Editor’s Note: The following contains two statistics that were true at time of our print deadline, but which are no longer true (thanks, Alabama).
The prevailing narrative about NCAA men’s basketball this season is its unpredictability.
No team has held the No. 1 ranking for more than a week, and there are only two undefeated teams out of 345: No. 4 Auburn and No. 7 San Diego State. Both are at the top of their respective conferences. Auburn made the Final Four last year. San Diego State hasn’t been to the Sweet Sixteen since 2014.
This atmosphere feels strange coming on the heels of a college football season with fewer games, fewer teams — there are 130 teams in the FBS, the top tier of Division I football — and much more obvious talent and resource gaps between the top and bottom teams in a conference.
This season, it seems like anybody’s game. Ten of the 32 conferences in Division I have teams in the AP Top 25 poll, the highest number in at least the last five years.
This all comes down to one concept: parity. In sports, parity is the idea that most or all of the teams in a given set are on an equal playing field. Any of them could make a run at the top spot, and every team is liable to get upset under any number of circumstances.
And it is so much fun.
Take a look at the in-conference rankings. The average last-place team in the division is 3.5 games behind in a 20-game conference season, meaning they would have to win three games and have the first-place team lose three games in order to move into a first-place tie. The farthest-back team in the NCAA is Wyoming, at six games behind in the Mountain West Conference, which also houses San Diego State.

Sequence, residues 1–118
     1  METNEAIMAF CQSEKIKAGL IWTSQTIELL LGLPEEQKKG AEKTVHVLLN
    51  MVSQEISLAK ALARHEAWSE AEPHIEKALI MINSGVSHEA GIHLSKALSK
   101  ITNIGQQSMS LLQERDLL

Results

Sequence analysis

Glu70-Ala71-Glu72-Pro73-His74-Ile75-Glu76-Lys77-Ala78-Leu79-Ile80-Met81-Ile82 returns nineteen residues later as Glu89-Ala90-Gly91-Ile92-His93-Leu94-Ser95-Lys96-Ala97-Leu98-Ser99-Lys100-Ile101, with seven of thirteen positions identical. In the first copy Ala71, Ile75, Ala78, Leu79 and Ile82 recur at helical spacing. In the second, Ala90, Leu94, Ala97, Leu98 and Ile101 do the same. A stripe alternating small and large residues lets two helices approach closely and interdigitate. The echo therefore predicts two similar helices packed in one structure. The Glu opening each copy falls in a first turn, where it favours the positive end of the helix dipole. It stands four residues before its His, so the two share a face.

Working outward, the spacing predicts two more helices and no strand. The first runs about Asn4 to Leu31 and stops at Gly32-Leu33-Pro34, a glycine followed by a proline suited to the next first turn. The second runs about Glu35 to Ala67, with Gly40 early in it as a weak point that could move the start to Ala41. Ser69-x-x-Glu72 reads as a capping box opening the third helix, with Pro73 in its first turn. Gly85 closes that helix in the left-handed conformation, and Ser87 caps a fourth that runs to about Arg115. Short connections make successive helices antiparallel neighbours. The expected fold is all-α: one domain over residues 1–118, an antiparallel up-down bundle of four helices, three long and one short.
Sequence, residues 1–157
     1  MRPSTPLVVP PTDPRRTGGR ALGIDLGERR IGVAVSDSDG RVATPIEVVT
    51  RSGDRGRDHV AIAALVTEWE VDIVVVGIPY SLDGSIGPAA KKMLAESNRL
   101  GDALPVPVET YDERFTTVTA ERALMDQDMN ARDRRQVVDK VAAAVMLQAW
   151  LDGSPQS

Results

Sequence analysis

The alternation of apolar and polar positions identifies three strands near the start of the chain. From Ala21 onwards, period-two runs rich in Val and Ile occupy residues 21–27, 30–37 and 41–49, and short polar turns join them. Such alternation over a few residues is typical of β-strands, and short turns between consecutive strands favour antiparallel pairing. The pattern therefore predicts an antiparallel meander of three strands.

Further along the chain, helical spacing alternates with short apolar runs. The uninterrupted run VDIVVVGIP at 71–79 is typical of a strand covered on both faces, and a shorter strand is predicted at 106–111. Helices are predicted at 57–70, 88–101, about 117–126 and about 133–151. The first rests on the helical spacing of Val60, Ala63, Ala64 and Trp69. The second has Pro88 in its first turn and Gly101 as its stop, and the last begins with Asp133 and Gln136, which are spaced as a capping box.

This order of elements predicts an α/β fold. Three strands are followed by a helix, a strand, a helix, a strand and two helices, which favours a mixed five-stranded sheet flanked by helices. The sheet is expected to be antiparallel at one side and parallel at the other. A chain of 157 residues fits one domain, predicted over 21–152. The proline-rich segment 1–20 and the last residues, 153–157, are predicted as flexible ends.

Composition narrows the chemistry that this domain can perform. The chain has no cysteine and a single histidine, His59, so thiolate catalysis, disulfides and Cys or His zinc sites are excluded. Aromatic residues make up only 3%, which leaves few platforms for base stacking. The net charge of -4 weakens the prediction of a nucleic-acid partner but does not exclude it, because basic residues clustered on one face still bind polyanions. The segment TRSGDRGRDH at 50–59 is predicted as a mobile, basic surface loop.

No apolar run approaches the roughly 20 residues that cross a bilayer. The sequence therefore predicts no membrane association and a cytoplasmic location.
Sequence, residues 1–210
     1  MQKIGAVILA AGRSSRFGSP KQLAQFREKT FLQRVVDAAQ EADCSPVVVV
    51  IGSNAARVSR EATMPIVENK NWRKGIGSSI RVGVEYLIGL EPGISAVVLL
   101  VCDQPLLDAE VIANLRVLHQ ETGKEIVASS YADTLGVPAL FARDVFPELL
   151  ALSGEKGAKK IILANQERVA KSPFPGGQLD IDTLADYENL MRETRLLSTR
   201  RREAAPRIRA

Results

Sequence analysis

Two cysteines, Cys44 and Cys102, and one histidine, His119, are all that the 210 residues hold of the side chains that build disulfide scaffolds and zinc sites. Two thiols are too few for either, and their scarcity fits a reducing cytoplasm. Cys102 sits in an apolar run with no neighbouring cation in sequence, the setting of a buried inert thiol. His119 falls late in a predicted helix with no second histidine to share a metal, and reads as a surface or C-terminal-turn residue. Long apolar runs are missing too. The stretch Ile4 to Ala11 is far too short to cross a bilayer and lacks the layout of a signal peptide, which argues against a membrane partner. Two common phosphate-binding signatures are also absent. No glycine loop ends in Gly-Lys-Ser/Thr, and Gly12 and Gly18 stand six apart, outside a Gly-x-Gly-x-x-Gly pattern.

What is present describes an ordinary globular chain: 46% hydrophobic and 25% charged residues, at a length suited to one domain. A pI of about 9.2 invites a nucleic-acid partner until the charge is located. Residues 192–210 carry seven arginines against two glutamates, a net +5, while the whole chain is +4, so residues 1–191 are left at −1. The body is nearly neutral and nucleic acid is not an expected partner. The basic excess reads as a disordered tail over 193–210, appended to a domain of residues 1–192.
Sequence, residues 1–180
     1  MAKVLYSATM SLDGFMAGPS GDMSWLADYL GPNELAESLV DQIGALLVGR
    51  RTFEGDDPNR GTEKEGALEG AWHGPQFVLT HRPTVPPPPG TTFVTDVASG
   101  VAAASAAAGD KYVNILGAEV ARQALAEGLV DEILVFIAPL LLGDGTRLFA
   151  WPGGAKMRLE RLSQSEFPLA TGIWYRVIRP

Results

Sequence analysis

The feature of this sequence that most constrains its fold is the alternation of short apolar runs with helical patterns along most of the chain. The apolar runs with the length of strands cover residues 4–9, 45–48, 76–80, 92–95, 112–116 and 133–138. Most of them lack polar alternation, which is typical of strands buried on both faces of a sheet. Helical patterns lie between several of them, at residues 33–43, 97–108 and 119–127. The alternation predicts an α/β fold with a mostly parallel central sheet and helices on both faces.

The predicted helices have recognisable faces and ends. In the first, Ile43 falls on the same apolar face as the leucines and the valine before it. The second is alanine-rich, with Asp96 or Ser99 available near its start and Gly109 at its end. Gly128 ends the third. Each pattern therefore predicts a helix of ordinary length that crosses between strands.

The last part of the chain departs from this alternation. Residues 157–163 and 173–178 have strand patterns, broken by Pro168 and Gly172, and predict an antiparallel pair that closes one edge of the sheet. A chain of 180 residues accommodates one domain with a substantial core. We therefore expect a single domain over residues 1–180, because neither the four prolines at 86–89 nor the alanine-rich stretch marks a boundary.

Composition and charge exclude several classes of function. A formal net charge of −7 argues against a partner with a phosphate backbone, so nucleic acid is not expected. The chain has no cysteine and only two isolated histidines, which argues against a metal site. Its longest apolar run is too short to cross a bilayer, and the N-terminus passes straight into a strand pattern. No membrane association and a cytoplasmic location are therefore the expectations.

These deficits pale in comparison to professional basketball. In the NBA, the Atlanta Hawks and Golden State Warriors are last in their conferences at 24.5 and 26.5 games behind, respectively.
These deficits account for approximately half of the 52 conference games each NBA team plays each season, compared to the 17% of the season the NCAA’s average deficit occupies. Any team in the NCAA has a better chance to win its conference than the NBA’s two last-place teams have to win theirs.
In the Big Ten, the parity is readily apparent. Five teams are ranked in AP’s Top 25, more than any other conference in the division. A casual viewer would expect these five to make up the top five or so teams in the conference. In the Big Ten, three are at the top and two are down at the bottom, above only Northwestern.
Four double-digit win teams are in the bottom half of the conference, and perennial conference whipping boy Rutgers seems poised to go dancing for the first time since 1991. With a single win, Purdue jumped five spots in the conference and is in a position to make moves on Maryland and Wisconsin — teams ranked above it in the Big Ten — in the next two weeks.
Football has some of this chaos on a smaller scale, but its weirdness is normally reserved for single teams making impressive runs. Coach O and Joe Burrow took Louisiana State from “strong, but not championship strong” to “could beat a bad NFL team” in a single season. P.J. Fleck very nearly had Minnesota rowing the boat to the Rose Bowl.
Keep in mind that all of this is very early in the conference season. As we draw into February and early March, the concrete will set and we’ll see less mobility, but that’s what makes this period so entertaining to follow.
This early-season madness, where every loss creates a tectonic shift in the standings but can also be redeemed by a later rematch makes the game interesting and fun to speculate about.
And nothing in sports media is more fun than wild speculation.